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Slate Valley students dinged for crossing into COVID ‘red zone’

Published: Sep. 23, 2020 at 5:34 PM EDT|Updated: Sep. 23, 2020 at 6:11 PM EDT
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FAIR HAVEN, Vt. (WCAX) - A group of students in southern Vermont is now under quarantine after a weekend of fun where school officials say they clearly weren’t supposed to be.

“Parents are understandably upset and frustrated because it’s just very hard to make logical sense of it,” said Slate Valley Unified School District Superintendent Brooke Olsen-Farrell.

Essex County, New York, is classified as a red zone on Vermont’s COVID travel map. Brook Olsen-Farrell sent an email to families that if they visited counties not approved by Vermont for travel, students can not return to school until they finish quarantining. But many families in the district disregarded her warning, with groups going apple picking, attending sporting events, and dance lessons in Essex, Washington, Warren, and Saratoga Counties. Now, students and two staff members from five of the six schools in the district are quarantining.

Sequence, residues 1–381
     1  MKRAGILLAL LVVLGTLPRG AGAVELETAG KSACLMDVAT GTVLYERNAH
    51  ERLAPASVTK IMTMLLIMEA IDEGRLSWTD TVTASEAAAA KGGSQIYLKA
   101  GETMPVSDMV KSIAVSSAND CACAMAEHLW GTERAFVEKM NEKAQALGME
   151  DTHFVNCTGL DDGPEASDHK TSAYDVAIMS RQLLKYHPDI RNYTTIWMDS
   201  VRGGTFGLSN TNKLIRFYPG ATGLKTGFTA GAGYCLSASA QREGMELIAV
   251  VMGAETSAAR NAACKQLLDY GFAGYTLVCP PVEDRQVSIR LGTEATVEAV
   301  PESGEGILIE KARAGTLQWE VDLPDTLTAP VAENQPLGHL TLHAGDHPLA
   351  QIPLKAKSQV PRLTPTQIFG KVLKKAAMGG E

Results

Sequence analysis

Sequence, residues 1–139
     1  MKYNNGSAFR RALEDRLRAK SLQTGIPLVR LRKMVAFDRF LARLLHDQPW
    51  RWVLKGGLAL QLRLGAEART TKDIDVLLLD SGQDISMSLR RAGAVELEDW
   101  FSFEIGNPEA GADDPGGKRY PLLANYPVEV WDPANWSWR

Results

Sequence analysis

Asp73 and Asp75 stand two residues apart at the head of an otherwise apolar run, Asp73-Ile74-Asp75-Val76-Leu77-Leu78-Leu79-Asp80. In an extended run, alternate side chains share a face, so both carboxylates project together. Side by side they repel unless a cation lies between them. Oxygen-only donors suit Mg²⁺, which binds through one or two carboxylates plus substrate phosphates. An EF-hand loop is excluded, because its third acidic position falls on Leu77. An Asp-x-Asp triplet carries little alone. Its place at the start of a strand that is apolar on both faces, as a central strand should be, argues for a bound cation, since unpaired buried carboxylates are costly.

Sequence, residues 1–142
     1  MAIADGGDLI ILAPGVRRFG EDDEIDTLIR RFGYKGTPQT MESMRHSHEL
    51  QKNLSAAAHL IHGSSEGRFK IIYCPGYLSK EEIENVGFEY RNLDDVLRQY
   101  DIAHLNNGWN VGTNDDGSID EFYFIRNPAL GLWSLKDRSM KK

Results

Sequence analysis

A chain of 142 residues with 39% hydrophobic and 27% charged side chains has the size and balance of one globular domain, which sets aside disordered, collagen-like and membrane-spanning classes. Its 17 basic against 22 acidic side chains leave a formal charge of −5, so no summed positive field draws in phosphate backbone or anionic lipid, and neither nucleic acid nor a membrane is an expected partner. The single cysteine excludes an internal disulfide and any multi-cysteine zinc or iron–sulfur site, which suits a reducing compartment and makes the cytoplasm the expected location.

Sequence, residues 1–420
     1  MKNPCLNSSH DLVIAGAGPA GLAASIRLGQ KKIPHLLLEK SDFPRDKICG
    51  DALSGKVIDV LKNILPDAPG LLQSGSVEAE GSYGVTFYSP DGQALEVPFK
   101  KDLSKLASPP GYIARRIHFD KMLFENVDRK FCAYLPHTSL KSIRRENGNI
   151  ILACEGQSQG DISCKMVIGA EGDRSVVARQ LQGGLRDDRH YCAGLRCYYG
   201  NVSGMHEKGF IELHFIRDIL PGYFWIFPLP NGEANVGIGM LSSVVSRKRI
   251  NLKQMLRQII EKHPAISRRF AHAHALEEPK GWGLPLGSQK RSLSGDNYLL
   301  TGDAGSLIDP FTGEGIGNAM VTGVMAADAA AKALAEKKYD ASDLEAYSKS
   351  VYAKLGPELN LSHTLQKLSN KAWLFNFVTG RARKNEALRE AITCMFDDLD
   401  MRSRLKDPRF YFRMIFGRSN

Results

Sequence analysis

“What further complicates the matter is we have many, many employees that live in those counties in New York state, myself included. And so we’re allowed to come to work, so it’s just very, very confusing,” Olsen-Farrell said.

Fair Haven and Castleton residents declined to say how they felt about the students being required to quarantine. It’s common for cars to be crossing the New York/Vermont border throughout the day.

“You have to have the line somewhere, so when the line impacts people when they are on the other side of it, it’s natural to say, well, can’t the line... but of course we can’t do that for everybody or else the policy would lose its integrity,” said Vt. Dept. of Financial Regulation Commissioner Michael Pieciak.

The Slate Valley Unified School District is not offering remote learning for its schools in Rutland and Addison Counties, but since those quarantining students would miss up to two weeks of school, the district is figuring out how to offer remote schoolwork. “I’ve been in conversation with the Agency of Education and they have been helpful in trying to figure out and address this issue, and hopefully we’re expecting to hear back from them shortly,” Olsen-Farrell said.

In the meantime, everyone is supposed to remain on quarantine for 14-days. They can get out of it after seven days if they take a COVID test and it comes back negative.

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